Over one-hundred years later, the Substantial Performance Doctrine is still commonly used by contractors in construction litigation as a vehicle to enforce payment. Justice Cardozo’s reasoning in Jacob & Youngs, Inc. v, Kent provides courts with the flexibility to exercise great discretion in determining whether to apply it to a given set of facts – and exercise great discretion they have. In Hansel v. Creative Concrete & Masonry Co., (2002) the contract specified for the installation of a 4.5-inch-thick driveway. However, the driveway tendered was thinner, without a gravel base, and completely failed. The Hansels requested the court enforce an order requiring Creative Concrete & Masonry Co. to replace the driveway. However, the court denied their request and justified its denial by stating, “the part unperformed did not destroy the value or purpose of the contract.” Perhaps even more surprisingly in Flynn Builders, L.C. v. Lande, (2012) the court held that the contractor’s completion of eighty percent of the project amounted to substantial performance. It reasoned, “substantial performance should be granted so long as the unfinished work does not materially affect the habitability of the home.” In essence, if the home is livable, you pay your contractor. Conversely, in Stephenson v. Smith (1976), the court refused to apply the doctrine when unfinished work amounted to ten percent of the overall project.

As the Substantial Performance Doctrine remains controversial and applied inconsistently by judges, scholars ponder ways to circumvent its overzealous application. Some argue it should be possible to include a provision waiving it altogether. However, it is unlikely contractors would be willing to enter into these types of agreements. An approach that has proven more realistic is for parties to agree to a certain set remedy in the contract. In James Construction Group v. Dallas/Fort Worth International Airport (2006), James Construction Group contracted to construct a 2,000-foot extension of an airport runway for Dallas/Fort Worth International Airport for $32,687,636.25. Upon noticing a poorly constructed ribbed metal pipe, the airport withheld $650,800 of the total contracted for price. James Construction Group sued to recover the balance and cited Jacob & Youngs, Inc. v. Kent as precedent. The court rejected Jacob & Youngs Inc.’s authority over this case because the parties had expressly provided for a cost-of-replacement measure of damages in their contract.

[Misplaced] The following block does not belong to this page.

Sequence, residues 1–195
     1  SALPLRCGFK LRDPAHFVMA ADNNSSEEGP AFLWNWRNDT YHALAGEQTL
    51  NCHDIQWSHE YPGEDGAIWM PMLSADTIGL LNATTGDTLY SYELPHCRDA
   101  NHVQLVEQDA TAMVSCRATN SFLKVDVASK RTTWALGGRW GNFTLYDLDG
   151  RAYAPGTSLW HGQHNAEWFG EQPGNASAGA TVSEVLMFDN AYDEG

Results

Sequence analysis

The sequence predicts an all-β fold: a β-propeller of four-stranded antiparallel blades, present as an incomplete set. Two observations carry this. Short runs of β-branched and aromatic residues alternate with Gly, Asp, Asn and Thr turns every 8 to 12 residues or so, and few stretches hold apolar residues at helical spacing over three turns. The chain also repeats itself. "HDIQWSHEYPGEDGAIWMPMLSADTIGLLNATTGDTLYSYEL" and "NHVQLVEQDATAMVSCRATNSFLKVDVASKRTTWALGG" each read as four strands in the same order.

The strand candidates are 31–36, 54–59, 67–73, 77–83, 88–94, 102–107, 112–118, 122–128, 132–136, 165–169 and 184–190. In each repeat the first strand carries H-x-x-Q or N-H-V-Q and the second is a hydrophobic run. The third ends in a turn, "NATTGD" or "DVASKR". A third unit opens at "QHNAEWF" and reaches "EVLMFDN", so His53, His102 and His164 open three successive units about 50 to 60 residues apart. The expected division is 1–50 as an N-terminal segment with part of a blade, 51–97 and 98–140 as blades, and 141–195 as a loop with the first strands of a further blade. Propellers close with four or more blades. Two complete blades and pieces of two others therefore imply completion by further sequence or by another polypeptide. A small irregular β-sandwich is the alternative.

The 100-year anniversary of Jacob & Youngs Inc. v. Kent serves as an opportune time to reexamine and reassess the Substantial Performance Doctrine’s meandering path. While the doctrine often prevents forfeiture of a contractor’s time and materials, there are other important factors to consider such as the weight of express provisions, a contractor’s good faith effort, and significant technological and economic advancement throughout the 1900s and 2000s. Before entering into construction contracts with large companies, one should involve a lawyer who is knowledgeable about contract provisions and defenses and work closely with them. A lawyer can assist in understanding the degree of leeway a contractor has afforded themself in the agreement and the repertoire of legal defenses available to them should a dispute arise. A careful assessment of both will result in more informed decision-making when entering into construction contracts.

This article is for general information only and is not intended as and does not constitute legal advice or solicitation of a prospective client. It should not be relied on for legal advice in any particular factual circumstance.